A new analysis from the ACAView project, the joint effort between the Robert Wood Johnson Foundation and athenahealth to track the impact of the Affordable Care Act, has found a big bounce in primary-care visits in states that expanded Medicaid.

A recent story in the Wall Street Journal examined this trend, providing numerous examples of patients saving more than $500 on procedures by simply paying in cash up front instead of going through insurance. 

Americans who watch at least a few hours of TV each week are used to getting urged to ask their doctors about all sorts of medications that, chances are, they really don’t need.  

A recent question-and-answer article prepared by the Associated Press and published by the Chicago Tribune (and others) examined the impact Supreme Court Justice Antonin Scalia’s death  could have on existing cases in 2016. 

CMS has published a final rule that requires healthcare providers and suppliers receiving funds from Medicare Part A and Part B to report and return overpayments within 60 days of first identifying them. 

Surgical residents who are allowed to work longer hours than currently allowed so that they can stay with or stabilize patients do not show any signs of putting their patients at risk, according to a recent study published by the New England Journal of Medicine. 

The California Department of Public Health fined the Community Regional Medical Center $86,625 after a hospital employee left a towel inside a patient following abdominal surgery, the Fresno Bee reports. This is the hospital’s fourth penalty since 2007.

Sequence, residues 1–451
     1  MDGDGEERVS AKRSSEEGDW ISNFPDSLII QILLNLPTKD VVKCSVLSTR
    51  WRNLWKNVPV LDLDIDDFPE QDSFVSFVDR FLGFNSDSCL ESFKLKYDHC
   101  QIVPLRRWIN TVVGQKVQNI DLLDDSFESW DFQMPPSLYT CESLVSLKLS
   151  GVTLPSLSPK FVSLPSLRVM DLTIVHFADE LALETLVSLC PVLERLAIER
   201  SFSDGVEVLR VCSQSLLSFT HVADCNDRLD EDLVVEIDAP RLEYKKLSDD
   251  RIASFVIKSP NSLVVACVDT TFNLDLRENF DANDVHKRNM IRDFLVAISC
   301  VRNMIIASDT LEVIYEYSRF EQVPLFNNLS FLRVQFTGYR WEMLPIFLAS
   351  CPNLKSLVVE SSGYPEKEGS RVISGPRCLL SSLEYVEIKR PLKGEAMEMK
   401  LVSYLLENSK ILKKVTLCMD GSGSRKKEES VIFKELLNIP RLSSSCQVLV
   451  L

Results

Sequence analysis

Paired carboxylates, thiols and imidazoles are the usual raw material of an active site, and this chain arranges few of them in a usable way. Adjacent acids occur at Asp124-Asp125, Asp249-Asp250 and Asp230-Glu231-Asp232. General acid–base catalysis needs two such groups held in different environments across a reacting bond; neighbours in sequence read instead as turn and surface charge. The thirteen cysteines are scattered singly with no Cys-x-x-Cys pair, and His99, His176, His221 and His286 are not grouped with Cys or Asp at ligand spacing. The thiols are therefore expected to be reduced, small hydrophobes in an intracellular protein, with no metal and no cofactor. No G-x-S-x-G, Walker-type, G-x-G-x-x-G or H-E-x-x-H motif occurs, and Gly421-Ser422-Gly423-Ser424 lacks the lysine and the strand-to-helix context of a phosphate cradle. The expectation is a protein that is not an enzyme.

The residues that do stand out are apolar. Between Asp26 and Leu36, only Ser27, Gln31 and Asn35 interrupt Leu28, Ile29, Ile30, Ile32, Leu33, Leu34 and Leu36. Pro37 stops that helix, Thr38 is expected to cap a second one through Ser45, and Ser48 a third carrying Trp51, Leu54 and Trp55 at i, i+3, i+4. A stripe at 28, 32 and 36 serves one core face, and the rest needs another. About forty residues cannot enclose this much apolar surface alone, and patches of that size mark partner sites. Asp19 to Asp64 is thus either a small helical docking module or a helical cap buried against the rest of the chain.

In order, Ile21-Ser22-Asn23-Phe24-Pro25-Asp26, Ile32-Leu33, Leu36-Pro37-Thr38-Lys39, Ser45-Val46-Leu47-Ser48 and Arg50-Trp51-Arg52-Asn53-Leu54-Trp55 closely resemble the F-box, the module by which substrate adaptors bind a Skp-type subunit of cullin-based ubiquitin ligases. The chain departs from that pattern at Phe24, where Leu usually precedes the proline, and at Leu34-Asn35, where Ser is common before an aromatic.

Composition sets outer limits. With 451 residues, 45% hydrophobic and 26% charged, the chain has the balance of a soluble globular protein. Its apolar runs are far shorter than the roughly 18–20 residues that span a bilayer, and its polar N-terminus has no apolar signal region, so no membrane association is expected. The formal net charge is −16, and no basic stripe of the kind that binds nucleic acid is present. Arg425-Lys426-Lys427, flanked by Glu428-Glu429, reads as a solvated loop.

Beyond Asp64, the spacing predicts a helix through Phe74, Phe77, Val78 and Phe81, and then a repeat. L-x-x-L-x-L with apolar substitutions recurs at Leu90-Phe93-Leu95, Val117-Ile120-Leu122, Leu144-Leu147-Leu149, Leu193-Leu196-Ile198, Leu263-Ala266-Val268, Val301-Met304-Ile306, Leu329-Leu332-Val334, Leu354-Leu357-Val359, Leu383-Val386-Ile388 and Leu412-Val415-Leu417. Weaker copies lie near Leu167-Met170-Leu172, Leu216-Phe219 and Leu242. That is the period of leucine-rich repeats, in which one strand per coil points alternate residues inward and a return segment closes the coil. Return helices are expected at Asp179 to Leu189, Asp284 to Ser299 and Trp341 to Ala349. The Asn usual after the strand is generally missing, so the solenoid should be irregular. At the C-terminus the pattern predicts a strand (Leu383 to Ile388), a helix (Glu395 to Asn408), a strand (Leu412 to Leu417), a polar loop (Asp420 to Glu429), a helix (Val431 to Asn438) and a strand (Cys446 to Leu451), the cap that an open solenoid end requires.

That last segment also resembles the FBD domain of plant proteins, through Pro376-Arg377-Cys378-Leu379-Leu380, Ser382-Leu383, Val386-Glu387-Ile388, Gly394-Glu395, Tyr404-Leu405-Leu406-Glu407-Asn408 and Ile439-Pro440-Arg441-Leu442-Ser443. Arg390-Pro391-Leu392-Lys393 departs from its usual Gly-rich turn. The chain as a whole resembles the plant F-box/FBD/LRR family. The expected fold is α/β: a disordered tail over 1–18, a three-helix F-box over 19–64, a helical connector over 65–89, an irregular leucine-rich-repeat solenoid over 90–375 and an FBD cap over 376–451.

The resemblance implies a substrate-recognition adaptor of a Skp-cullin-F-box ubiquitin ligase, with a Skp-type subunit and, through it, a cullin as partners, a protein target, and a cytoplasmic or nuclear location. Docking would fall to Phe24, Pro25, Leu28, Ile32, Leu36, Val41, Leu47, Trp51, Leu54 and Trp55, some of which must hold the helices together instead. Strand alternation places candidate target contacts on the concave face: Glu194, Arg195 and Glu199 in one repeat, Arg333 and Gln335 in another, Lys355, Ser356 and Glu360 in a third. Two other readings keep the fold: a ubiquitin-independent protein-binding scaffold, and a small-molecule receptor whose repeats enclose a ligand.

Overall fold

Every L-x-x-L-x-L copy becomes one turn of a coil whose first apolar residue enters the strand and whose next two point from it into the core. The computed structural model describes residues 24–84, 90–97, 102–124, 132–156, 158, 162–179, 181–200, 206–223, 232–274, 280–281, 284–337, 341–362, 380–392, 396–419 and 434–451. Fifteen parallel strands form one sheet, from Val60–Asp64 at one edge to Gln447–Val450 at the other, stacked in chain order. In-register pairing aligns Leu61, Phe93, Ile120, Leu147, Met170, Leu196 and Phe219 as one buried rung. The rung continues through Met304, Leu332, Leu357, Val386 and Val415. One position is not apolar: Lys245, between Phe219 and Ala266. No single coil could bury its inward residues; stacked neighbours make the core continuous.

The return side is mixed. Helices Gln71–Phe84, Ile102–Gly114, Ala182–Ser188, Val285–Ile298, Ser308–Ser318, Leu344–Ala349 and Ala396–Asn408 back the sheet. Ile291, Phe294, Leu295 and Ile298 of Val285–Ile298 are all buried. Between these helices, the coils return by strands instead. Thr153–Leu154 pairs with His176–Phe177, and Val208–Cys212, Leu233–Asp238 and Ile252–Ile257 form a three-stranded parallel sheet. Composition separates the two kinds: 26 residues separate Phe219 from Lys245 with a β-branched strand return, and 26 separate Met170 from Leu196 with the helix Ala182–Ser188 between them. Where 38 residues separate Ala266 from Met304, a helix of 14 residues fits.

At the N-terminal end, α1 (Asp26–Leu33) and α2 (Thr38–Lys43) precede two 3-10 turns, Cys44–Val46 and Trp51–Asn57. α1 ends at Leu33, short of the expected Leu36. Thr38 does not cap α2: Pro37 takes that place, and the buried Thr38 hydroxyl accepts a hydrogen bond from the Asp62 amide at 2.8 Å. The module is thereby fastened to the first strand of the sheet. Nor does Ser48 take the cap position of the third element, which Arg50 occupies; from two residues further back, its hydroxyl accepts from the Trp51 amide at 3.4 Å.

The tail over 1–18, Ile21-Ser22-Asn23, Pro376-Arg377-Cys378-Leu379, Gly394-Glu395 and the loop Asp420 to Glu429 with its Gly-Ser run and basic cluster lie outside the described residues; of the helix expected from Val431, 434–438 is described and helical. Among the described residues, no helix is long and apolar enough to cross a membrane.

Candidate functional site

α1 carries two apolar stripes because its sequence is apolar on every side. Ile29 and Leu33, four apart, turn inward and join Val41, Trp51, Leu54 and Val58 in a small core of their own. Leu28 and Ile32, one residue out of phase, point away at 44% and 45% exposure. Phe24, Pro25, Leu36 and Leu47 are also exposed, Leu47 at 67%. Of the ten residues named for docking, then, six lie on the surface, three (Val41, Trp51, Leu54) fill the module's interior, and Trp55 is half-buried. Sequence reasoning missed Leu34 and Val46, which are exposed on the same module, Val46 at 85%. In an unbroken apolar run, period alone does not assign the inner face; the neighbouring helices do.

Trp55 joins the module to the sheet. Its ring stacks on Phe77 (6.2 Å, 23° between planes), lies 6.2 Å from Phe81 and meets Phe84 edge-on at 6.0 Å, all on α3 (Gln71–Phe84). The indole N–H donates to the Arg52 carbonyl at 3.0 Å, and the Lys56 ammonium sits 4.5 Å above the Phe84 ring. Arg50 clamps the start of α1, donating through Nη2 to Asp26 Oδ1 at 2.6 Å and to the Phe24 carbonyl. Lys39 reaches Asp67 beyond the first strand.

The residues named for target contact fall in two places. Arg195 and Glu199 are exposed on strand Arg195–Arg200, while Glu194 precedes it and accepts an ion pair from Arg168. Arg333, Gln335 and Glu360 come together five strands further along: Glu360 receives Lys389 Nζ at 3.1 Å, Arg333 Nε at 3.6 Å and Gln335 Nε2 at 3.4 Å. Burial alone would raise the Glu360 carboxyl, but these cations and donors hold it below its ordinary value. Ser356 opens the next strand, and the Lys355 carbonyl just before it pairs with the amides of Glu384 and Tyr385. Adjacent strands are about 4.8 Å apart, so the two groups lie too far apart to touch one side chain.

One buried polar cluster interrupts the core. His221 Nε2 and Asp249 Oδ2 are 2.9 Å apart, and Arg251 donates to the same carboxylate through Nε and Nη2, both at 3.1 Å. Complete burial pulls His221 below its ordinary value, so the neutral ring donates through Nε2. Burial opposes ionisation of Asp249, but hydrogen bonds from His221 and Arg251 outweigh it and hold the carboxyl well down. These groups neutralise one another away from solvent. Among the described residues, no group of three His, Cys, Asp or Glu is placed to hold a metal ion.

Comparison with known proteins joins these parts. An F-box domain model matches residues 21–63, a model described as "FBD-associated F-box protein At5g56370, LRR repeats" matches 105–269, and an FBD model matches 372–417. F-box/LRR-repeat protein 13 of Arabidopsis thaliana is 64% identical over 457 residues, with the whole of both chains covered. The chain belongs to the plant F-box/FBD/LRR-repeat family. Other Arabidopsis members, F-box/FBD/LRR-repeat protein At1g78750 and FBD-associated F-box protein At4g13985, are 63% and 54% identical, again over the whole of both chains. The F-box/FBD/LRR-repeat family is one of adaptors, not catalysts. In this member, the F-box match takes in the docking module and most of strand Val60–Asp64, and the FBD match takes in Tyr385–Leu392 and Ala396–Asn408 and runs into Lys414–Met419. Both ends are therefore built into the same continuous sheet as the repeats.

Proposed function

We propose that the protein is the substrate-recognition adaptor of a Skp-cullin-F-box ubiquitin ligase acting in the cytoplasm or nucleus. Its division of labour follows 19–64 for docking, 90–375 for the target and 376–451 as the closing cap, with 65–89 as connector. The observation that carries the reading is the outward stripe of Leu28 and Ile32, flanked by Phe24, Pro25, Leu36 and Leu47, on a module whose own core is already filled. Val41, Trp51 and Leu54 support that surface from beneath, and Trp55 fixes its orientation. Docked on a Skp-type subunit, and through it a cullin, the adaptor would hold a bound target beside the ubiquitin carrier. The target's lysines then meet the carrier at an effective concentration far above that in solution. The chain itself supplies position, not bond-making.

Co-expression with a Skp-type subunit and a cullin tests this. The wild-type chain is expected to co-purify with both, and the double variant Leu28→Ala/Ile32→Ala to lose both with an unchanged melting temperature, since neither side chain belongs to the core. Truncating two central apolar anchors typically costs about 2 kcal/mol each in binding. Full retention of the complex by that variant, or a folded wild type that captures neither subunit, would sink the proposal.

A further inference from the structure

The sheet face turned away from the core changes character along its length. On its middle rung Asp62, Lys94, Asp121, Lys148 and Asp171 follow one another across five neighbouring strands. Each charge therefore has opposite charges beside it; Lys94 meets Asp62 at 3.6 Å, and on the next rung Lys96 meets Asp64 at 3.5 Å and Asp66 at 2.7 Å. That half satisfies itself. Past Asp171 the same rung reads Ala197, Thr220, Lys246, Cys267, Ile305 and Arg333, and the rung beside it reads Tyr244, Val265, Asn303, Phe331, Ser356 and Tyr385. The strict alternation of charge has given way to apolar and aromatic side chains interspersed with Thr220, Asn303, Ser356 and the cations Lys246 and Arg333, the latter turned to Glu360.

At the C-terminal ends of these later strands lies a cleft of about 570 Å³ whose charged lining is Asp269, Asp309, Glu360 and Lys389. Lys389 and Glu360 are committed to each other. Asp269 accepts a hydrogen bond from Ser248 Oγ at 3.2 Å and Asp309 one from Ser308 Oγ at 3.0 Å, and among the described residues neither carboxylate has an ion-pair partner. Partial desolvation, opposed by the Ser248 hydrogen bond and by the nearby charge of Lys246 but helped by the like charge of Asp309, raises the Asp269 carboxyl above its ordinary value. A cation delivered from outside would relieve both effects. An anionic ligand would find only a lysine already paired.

A recent report examining employer-sponsored private insurance claims data found that basing healthcare decisions on Medicare data might not be the best practice. The researchers found that the correlation between total spending per Medicare beneficiary and total spending per privately insured beneficiary was 0.14 in 2011, while the correlation for inpatient spending was 0.267.

The Centers for Medicare and Medicaid Services is proposing changes in the benchmarks it uses to evaluate ACOs in the Medicare Shared Savings Program.

According to a new 42-page report published by investigators from the Government Accountability Office (GAO), there are significant flaws in the way the FDA tracks drugs after they come to market. 

Caplinger v. Medtronic Inc., the lawsuit in which a patient accused Medtronic of allowing doctors to use its INFUSE Bone Graft product in ways not approved by the FDA, made it all the way to the U.S. Supreme Court, but the Court announced it has declined to hear the case. 

President Obama has fended off Congressional Republicans’ latest stab at rolling back the Affordable Care Act, but this time GOP legislators says things are different: They succeeded for the first time in getting a repeal bill onto the President’s desk.